By Moses Im
Just recently, the Ebola outbreak lead to over 11,000 deaths. Yet, the pandemic also exposed the constant looming threats that affect global health due to the lack of necessary medicines and vaccines. Thus, as the world shook in fear, WHO (World Health Organization) and other supporting countries rushed in to control and stop the disease.
Coincidentally, before the outbreak occurred there were at least seven different vaccines that passed animal testing with promising results. Out of those only one went through further clinical trials before being abandoned due to costs and difficulties in the licensing process. Here, bureaucracy took precedence over safety and health. Due to the pandemic, however, the governments and organizations pushed the research further. Eventually the right vaccine was licensed but it came thousands of lives too late.
Out of those only one went through further clinical trials before being abandoned due to costs and difficulties in the licensing process. Here, bureaucracy took precedence over safety and health.
This pattern of pharmaceutical profit and insufficient government funding is seen in many diseases considered under the term of the “the valley of death.” For example, Ebola, West Nile, and the SARS virus are all included on this deathly list of diseases. If this reluctance for action continues many people around the globe will become vulnerable to death.
Yet, there is a new hope.
In July 2015 three prominent physicians, Stanley Plotkin, M.D., emeritus professor of pediatrics at the University of Pennsylvania, Adel Mahmoud, M.D., Ph.D, professor in the Molecular Biology Department and Woodrow Wilson School of International and Public Affairs at Princeton University, and Jeremy Farrar, M.D., Ph.D, director of the Wellcome Trust, in a published article called for a “global vaccine-development fund.” Their plan requires a $2 billion investment in vaccine research which will target “the valley of death.”Thus, the funds are meant to help vaccines and projects get past preliminary rounds of research and simplify the licensing process. Therefore, the ideology relies on paying large sums upfront and decreasing the costs later down the road. For context, the Ebola crisis alone costed the world about $8 billion. Overall, through their article, Plotkin, Mahmoud, and Farrar called the world to learn to adapt to “the lesson we [can] take from the Ebola crisis.” And it appears the world indeed learned.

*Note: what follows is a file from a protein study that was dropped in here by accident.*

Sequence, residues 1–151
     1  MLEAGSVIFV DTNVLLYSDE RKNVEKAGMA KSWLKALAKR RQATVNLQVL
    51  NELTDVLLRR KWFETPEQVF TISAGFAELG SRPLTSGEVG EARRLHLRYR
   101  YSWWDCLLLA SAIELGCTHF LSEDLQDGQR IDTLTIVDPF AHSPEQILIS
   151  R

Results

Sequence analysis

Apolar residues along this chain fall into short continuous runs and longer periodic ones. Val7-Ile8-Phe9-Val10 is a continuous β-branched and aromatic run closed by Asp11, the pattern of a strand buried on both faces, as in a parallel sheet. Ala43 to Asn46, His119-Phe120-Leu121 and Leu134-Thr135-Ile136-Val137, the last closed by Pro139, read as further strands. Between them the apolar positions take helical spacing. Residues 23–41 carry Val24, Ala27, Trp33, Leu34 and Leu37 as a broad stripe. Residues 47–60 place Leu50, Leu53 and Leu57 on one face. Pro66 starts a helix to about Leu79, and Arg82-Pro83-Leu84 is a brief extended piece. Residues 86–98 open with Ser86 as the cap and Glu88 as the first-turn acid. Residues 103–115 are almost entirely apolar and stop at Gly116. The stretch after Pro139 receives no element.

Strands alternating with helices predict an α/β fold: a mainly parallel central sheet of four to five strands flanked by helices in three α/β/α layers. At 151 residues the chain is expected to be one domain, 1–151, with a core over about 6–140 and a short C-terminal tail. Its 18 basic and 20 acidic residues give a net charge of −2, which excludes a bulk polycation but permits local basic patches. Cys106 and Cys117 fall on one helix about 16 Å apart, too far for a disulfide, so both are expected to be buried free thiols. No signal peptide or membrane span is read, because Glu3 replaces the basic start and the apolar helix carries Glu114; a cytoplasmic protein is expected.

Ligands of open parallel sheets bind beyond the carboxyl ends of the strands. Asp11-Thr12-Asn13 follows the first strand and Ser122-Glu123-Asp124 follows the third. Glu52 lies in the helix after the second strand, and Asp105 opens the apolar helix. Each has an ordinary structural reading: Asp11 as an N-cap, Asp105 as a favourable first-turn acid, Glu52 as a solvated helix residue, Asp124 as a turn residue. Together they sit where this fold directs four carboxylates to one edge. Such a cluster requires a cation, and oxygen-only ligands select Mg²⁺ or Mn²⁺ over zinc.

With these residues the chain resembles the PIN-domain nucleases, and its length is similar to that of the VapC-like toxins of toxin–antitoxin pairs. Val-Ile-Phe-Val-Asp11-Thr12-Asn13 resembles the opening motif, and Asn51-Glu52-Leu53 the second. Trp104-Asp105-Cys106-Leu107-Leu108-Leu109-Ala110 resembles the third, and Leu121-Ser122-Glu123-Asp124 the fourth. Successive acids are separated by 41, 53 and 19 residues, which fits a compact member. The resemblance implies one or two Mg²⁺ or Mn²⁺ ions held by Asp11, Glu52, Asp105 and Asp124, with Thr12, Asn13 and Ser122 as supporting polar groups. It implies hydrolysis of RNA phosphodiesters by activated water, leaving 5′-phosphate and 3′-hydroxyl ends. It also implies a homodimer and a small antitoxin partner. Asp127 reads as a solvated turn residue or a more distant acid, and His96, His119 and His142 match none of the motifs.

The science community responded positively to the article, and, just as the authors hoped, great discussion grew out of this call to action. As a direct result, under the leadership of Director Jeremy Farrar, the Coalition of Epidemic Preparedness Innovations (CEPI) was formed and launched on January 18, 2017. The global company is backed by the European Commission, the Bill and Melinda Gates Foundation, the Wellcome Trust, World Economic Forum, and the governments of Norway, Japan, Germany, and India. Organizations like Pfizer, Johnson & Johnson, Johns Hopkins Vaccine Initiative, and many more have joined as well. CEPI have decided to start by targeting Lassa, Nipah and MERS as advised by their scientific advisory board. While CEPI may have been launched with a little less than $500 million, they hope to finish fundraising by the end of this year. Thus, CEPI has created a feeling of hopefulness for the creation of solutions to diseases. The world may soon be rest assured that another crisis like Ebola will not erupt.